Characterizing the Background Noise Level of Rotational Ground Motions on Earth

Andreas Brotzer, Heiner Igel, Eléonore Stutzmann, Jean Paul Montagner, Felix Bernauer, Joachim Wassermann, Rudolf Widmer-Schnidrig, Chin Jen Lin, Sergey Kiselev, Frank Vernon, Karl Ulrich Schreiber

Research output: Contribution to journalArticlepeer-review

1 Scopus citations


The development of high-sensitive ground-motion instrumentation for Earth and planetary exploration is governed by so-called low-noise models, which characterize the minimum level of physical ground motions, observed across a very broad frequency range (0.1 mHz–100 Hz). For decades, broadband instruments for seismic translational ground-motion sensing allowed for observations down to the Earth’s low-noise model. Knowing the lowermost noise level distribution across frequencies enabled not only to infer characteristics of Earth such as the ocean microseismic noise (microseisms) and seismic hum, but also to develop highly successful ambient seismic noise analysis techniques in seismology. Such a low-noise model currently does not exist for rotational ground motions. In the absence of a substantial observational database, we propose a preliminary rotational low-noise model (RLNM) for transverse rotations based on two main wavefield assumptions: the frequency range under investigation is dominated by surface-wave energy, and the employed phase velocity models for surface waves are representative. These assumptions hold, in particular, for a period range of about 2–50 s and lose validity towards long periods when constituents produced by atmospheric pressure dominate. Because noise levels of vertical and horizontal accelerations differ, we expect also different noise levels for transverse and vertical rotations. However, at this moment, we propose a common model for both types of rotations based on the transverse RLNM. We test our RLNM against available direct observations provided by two large-scale ring lasers (G-ring and ROMY) and array-derived rotations (Piñon Flats Observatory array, Gräfenberg array, and ROMY array). We propose this RLNM to be useful as guidance for the development of high-performance rotation instrumentation for seismic applications in a range of 2–50 s. Achieving broadband sensitivity below such a RLNM remains a challenging task, but one that has to be achieved.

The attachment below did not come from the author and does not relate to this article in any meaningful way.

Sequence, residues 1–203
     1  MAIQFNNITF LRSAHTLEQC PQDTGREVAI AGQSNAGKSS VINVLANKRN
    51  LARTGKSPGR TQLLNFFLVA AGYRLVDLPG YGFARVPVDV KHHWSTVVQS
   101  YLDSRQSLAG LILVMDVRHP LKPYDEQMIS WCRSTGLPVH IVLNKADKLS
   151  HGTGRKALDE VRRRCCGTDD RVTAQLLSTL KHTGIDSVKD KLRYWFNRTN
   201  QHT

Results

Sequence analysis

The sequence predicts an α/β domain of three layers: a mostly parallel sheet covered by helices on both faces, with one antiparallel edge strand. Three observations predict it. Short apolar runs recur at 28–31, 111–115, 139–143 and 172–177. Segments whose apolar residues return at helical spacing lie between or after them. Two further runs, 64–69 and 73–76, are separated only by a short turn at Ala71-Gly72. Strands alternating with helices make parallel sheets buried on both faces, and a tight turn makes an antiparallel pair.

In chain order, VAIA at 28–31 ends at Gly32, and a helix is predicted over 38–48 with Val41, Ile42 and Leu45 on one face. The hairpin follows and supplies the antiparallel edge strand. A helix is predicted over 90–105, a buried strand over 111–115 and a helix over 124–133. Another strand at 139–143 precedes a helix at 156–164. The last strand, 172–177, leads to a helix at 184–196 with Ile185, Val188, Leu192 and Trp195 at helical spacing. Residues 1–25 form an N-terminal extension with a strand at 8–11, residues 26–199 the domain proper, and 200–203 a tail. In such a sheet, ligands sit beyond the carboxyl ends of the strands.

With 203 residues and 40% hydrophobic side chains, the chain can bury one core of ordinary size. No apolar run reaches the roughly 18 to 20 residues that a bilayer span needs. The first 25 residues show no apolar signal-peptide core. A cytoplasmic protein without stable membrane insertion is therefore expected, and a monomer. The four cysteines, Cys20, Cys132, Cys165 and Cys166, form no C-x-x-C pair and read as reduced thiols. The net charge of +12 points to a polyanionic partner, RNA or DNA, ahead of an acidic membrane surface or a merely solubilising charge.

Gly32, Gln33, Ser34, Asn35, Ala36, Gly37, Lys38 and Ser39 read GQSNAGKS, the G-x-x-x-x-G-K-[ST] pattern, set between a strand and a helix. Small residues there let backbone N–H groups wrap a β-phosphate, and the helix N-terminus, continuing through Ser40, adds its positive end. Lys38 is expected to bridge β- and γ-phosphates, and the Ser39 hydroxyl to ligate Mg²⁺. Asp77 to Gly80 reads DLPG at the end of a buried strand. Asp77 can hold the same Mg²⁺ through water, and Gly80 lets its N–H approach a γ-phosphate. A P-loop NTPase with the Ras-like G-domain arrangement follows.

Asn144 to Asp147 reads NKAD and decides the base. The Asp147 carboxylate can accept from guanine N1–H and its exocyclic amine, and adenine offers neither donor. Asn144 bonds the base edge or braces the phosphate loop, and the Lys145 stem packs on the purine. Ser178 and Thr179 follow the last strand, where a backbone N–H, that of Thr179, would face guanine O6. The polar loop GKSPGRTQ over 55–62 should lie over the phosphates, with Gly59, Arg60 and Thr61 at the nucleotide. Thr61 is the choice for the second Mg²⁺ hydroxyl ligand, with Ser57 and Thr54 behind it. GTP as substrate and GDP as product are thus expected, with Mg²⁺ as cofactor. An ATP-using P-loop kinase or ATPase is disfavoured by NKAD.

Original languageEnglish
Pages (from-to)1858-1869
Number of pages12
JournalSeismological Research Letters
Issue number3
StatePublished - May 2024


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